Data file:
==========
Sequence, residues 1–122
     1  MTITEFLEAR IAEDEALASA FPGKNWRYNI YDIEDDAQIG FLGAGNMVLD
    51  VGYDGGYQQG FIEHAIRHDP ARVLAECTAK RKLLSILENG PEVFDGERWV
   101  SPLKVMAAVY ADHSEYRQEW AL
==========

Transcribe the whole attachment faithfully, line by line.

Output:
Sequence, residues 1–122
     1  MTITEFLEAR IAEDEALASA FPGKNWRYNI YDIEDDAQIG FLGAGNMVLD
    51  VGYDGGYQQG FIEHAIRHDP ARVLAECTAK RKLLSILENG PEVFDGERWV
   101  SPLKVMAAVY ADHSEYRQEW AL